The desired proanthocyanidins, along with similar sized dissolved compounds, pass through to a concentrated solution 14. The proanthocyanidins are recovered from the concentrated solution 14 by removing the water by one of a range of methods in a vessel 16. Said method is selected from the group: evaporation; crystallisation; freeze drying; vacuum drying; and a combination thereof. In a small scale process it has been found that freeze-drying is the optimal method. However on a large scale process the recovery method is preferably reverse osmosis followed by drying. A membrane with a concentration factor of between 2-5 (as a minimum) is most preferable. The resultant product is brown coloured crystalline flakes which contain all the desired proanthocyanidins.
The following compounds have been found to collect in the concentrated solution 14 and include a range of flavonoids and other low molecular weight phenolic compounds: (+)-Catechin, (+)-Gallocatechin, (+)-Dihydroquercetin (Taxifolin), Quercetin, Myricetin, 3,5-Dihydroxystilbene (Pinosylvin), 3,5,3',4'-Tetrahydroxystilbene (Astringenin), 3,5,3',4'-Tetrahydroxystilbene-4'-β-glucoside (Astringenin-4'-β-glucoside) and Procyanidins B1, B3, B6 and C2.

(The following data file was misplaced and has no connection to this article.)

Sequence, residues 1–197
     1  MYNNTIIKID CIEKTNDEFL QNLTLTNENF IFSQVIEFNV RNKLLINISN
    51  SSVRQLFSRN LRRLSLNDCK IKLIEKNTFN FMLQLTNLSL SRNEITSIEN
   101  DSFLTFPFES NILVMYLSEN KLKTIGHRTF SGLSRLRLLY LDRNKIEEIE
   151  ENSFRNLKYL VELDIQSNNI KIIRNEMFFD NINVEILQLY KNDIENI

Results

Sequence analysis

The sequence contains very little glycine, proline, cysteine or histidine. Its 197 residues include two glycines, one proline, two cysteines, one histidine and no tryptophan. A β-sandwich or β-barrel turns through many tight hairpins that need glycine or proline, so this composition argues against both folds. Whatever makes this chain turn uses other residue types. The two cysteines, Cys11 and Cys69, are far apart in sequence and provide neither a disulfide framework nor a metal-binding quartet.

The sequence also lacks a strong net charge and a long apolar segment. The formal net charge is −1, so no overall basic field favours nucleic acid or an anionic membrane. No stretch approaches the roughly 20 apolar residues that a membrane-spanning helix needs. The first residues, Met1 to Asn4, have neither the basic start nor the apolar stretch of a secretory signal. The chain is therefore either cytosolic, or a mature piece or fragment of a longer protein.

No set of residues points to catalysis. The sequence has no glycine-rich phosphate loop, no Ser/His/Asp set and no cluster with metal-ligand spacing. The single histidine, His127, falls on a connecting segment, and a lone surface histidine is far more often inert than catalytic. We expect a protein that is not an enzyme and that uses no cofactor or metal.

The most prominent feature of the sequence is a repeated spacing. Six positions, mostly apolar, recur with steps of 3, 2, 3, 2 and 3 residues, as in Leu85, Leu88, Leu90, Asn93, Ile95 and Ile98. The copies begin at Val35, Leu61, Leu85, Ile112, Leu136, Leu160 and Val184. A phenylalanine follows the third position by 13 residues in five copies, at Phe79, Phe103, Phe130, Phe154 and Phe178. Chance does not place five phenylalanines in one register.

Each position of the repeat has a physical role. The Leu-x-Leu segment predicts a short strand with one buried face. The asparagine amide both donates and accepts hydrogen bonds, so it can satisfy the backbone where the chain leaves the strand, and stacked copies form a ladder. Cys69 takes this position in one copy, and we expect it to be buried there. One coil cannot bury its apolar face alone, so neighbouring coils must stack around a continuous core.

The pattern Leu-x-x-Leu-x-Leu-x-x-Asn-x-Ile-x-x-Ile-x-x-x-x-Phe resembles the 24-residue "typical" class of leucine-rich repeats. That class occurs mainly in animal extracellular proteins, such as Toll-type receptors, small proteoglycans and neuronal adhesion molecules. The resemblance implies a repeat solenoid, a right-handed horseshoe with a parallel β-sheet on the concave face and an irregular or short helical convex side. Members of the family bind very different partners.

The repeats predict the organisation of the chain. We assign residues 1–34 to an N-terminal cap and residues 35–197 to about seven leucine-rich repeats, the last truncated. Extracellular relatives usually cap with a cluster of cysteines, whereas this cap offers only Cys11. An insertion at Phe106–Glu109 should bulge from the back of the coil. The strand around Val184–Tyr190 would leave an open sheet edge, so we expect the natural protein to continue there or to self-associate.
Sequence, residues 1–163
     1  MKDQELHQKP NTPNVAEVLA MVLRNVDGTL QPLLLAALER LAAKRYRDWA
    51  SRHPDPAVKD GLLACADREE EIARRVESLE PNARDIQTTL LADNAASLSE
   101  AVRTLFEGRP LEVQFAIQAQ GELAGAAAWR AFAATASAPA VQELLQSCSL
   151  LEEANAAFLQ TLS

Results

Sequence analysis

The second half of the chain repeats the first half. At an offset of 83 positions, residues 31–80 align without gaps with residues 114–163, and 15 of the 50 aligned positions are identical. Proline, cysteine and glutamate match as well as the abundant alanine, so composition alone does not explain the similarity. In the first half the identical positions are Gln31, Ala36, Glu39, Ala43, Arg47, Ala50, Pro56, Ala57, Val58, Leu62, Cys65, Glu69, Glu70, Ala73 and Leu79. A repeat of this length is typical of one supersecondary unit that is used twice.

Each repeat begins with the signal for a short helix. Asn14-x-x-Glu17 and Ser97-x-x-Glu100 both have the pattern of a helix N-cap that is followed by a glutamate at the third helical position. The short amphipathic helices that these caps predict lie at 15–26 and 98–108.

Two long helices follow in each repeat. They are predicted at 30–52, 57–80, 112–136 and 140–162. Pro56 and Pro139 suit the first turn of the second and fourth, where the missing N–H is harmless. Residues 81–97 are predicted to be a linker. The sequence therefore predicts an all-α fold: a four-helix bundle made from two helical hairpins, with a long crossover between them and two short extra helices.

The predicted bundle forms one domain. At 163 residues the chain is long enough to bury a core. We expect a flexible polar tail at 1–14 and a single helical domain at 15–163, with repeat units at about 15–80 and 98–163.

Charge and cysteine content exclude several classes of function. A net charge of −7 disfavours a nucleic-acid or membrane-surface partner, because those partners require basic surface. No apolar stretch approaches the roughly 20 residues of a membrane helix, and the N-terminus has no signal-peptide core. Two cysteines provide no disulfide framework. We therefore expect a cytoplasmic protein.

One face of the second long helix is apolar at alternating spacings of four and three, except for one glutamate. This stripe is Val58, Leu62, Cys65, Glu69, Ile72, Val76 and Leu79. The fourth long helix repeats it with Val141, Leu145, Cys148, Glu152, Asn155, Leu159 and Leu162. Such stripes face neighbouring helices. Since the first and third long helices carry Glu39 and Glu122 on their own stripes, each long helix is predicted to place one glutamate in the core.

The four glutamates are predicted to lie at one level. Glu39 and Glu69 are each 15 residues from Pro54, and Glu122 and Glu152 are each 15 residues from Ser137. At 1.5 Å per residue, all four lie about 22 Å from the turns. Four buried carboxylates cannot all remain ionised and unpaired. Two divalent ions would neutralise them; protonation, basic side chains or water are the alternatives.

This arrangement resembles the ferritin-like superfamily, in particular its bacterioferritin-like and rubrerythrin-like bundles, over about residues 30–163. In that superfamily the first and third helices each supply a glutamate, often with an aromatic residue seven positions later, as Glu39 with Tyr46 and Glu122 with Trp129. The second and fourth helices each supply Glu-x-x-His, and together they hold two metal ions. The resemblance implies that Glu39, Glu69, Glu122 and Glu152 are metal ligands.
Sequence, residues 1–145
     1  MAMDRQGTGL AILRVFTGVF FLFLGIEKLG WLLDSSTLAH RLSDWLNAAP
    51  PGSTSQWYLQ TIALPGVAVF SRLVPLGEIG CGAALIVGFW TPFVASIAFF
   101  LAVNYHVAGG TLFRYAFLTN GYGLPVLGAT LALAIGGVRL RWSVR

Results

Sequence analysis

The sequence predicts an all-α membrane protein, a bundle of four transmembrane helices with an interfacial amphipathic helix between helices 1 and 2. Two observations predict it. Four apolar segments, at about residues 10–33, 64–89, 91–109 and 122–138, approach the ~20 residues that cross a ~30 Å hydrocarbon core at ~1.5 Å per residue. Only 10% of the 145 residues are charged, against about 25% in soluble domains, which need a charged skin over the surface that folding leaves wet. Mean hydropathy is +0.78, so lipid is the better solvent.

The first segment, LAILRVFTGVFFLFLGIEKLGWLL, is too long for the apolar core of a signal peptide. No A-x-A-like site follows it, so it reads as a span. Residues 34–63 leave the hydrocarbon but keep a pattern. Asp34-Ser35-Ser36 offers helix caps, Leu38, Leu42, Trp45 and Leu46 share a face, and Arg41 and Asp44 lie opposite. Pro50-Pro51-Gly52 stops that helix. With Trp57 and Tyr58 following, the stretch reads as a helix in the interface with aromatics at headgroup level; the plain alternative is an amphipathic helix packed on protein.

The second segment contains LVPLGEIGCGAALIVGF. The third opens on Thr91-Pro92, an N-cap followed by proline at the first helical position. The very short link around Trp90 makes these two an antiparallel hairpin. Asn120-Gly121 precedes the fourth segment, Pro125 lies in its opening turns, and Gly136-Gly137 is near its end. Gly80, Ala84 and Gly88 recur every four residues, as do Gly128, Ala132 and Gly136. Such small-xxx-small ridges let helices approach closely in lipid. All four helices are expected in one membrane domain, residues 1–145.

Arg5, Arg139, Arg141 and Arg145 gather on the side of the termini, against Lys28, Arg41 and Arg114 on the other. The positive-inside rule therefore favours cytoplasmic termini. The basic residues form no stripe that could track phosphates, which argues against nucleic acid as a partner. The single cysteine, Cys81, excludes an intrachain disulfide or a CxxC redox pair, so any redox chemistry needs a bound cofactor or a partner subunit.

The resultant product has been established as having the same anti-oxidant activity (free radical scavenging) as commercially available pure pine bark extract samples. The assay used to establish anti-oxidant activity was as described in Test 1 below.
It has been found that some non-phenolic compounds remain in the resultant product. These can be removed by further physical purification of the product, if so desired.
The stream 15 includes the higher molecular weight compounds which include natural tannins. If so desired, the stream 15 can be subjected to further processing and cleaning to remove the water and recover the tannin in solid form (not shown). The resultant water (along with the stream 17) can also be further purified (if so desired) for safe discharge or for reuse in the reaction vessel 3.
In practice, yields between 0.5 to 10.0% by weight of proanthocyanidins have been obtained based on oven dried bark weight, (depending on the quality and age of the bark). The most common yield has been found to be between 6.5% and 9.6% by weight when using bark from Pinus radiata trees from the top and middle portion of trees of approximately 15 years of age.